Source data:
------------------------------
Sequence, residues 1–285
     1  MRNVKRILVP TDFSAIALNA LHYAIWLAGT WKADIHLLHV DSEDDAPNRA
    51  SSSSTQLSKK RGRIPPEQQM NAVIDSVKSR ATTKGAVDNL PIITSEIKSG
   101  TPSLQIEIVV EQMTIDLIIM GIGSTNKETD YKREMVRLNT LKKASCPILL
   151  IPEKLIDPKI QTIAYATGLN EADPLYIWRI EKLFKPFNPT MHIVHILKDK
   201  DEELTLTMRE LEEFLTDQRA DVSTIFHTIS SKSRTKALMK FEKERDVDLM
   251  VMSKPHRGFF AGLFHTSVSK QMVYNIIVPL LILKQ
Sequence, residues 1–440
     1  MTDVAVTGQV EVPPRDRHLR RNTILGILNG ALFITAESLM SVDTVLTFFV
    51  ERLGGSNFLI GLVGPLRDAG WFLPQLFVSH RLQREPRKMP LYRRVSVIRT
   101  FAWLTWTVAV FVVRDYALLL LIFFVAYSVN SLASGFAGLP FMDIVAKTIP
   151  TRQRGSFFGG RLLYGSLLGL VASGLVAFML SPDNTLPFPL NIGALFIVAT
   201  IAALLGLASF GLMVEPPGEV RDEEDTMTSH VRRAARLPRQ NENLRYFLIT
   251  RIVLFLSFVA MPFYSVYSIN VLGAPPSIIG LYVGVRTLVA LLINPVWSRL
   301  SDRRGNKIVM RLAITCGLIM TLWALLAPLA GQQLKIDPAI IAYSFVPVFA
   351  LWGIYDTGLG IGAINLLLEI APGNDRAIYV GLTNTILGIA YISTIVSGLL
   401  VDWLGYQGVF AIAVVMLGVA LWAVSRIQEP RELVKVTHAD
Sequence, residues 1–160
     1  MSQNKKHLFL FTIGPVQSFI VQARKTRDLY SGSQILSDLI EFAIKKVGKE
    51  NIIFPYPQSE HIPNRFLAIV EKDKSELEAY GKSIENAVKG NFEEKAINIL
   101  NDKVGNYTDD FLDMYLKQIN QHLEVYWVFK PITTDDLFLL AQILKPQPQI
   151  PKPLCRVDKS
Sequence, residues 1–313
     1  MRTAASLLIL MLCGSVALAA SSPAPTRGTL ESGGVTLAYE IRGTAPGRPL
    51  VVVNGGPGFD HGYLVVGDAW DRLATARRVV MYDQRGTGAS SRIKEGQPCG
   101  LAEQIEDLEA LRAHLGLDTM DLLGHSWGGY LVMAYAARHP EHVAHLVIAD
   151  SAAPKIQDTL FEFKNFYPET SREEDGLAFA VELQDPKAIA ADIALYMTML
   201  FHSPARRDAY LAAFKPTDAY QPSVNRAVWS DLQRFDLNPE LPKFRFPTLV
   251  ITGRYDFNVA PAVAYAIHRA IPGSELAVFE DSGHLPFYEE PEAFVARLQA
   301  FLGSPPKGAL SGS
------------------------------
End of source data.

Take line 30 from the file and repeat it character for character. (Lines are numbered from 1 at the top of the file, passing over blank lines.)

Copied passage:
   301  FLGSPPKGAL SGS